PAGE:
I did my best, in a 12 minute time slot, to instil a sense of vulnerability in high school students this past week.
It was my third opportunity to participate in “A different kind of P.A.R.T.Y.”, the acronym short for Prevent Alcohol and Risk-Related Trauma in Youth.
Bus loads of high school students are brought for a “shock and awe” experience that begins in the parking lot, standing around the mangled wreck of a vehicle and listening to first responders.
Back in the hospital, a real trauma team puts on a compelling show of trying to save an injured victim. It is not uncommon for student observers to faint.
Presentations in the Rehab ward, including exposure to various prostheses, help emphasize the long term consequences of serious crashes. And there is a tour of the morgue.
But car crashes of a scale that require prostheses and send victims to the morgue are few and far between. Much less dramatic collisions can result in life long consequences. And those occur on a day to day basis in our communities.
My agenda was to instil a sense of vulnerability in these budding, new drivers that would extend to their regular, every day commute. Not just with the high risk behaviours that are the primary focus of the P.A.R.T.Y. program.
Why? The higher your sense of vulnerability, the more care you will take behind the wheel. And the more demanding of careful driving you will be as a passenger.
I showed video footage of three regular, every day, collisions. The forces involved made them shocking to watch. I hope I achieved my goal, leading to a higher sense of care on our roadways.
If the shock of watching a collision can make you feel vulnerable, how might actually experiencing one make you feel?
A healthy sense of vulnerability can make our roads safer. An unhealthy level of anxiety can adversely impact a victim’s life, and can ironically make our roads more dangerous.
It’s commonly known as “Driving Anxiety”. More technically, a phobia, which I’ve seen defined as “an intense and irrational fear of a specified object or situation”.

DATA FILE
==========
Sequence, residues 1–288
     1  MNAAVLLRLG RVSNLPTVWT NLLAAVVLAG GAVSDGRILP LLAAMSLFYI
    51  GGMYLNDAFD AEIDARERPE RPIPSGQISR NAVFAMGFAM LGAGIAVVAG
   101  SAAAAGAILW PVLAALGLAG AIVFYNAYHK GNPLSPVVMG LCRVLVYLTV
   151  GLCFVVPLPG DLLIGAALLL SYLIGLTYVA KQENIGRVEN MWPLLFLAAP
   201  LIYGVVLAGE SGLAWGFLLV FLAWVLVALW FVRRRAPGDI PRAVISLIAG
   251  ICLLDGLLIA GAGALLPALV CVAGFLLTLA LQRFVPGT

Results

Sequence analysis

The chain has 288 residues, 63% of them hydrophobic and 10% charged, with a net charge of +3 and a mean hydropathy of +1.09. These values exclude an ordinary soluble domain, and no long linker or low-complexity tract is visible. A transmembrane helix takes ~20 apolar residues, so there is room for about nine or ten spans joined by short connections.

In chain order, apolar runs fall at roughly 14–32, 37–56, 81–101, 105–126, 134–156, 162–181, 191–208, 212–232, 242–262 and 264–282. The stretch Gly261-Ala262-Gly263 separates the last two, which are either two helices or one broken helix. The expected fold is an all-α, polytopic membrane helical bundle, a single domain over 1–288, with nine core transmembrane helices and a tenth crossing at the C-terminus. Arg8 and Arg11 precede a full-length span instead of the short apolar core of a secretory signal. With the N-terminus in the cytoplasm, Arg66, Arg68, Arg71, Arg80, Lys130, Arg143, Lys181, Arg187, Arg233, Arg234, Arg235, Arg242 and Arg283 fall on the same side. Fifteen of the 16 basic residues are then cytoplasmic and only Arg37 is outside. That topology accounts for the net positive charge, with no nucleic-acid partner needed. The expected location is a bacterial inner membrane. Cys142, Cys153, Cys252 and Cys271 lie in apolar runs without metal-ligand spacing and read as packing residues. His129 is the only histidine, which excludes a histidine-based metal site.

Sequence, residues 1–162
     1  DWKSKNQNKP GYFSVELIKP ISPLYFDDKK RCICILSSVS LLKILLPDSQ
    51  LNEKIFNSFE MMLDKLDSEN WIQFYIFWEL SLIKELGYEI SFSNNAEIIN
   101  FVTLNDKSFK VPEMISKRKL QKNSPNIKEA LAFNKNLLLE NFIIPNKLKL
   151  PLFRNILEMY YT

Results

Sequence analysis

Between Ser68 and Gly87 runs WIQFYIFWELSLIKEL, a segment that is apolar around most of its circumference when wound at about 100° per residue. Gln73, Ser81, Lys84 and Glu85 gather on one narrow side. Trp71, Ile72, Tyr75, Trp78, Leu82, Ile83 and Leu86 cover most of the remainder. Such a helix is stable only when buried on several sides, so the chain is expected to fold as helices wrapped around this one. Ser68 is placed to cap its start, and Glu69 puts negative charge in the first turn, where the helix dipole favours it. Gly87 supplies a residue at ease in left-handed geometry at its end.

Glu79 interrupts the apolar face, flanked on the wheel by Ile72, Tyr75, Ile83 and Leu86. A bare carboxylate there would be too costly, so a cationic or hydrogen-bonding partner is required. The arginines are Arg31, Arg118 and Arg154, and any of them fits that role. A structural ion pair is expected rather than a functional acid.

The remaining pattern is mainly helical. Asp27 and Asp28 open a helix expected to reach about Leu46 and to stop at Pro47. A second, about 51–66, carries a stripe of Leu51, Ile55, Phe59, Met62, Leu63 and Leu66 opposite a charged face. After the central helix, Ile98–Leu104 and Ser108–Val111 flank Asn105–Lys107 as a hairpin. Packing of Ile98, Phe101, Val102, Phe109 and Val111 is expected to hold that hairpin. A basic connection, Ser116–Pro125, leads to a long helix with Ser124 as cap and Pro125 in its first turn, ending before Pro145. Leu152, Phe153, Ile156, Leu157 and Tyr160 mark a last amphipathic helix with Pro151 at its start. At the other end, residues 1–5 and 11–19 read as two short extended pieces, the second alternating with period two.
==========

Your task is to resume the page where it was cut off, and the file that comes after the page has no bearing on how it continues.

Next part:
I’ve known it to be so severe that counselling assistance is required to help with simply getting into a parked vehicle sitting in a victim’s driveway.
But most are able to get right back into their vehicles and resume their day to day commutes. To those around them they seem perfectly fine.
But many are not. They are burdened with anxiety every minute of their commute, with an increased sense of panic in particular driving situations.
Just like physical pain will lead to avoiding activities that aggravate that pain, driving anxiety can lead to taking much longer travel routes to avoid certain driving environments. And can lead to avoiding all but absolutely necessary driving outings.
The regular experience of anxiety is psychologically harmful, in itself. And the behaviour modification can lead to social isolation.
These are invisible impacts. And there is a stigma around reaching out for help with mental health issues. Victims struggle silently, pretending everything is ok, when it’s not.
Help is out there. But it’s expensive. Counselling sessions are approximately $120.00 (Registered Clinical Counsellor) and approximately $200.00 (Psychologist). ICBC will pay a portion of that expense up front ($100.00 and $145.00 respectively).
Just like with any other injury, it is important to pursue your recovery from psychological injuries. Please reach out to your doctor and follow whatever recommendations are given. Do you know someone who might be suffering in silence? Please encourage them to reach out for help.
If you fail to do so, not only will you compromise your recovery but you will most surely face arguments by ICBC that your ongoing psychological difficulties are your own fault.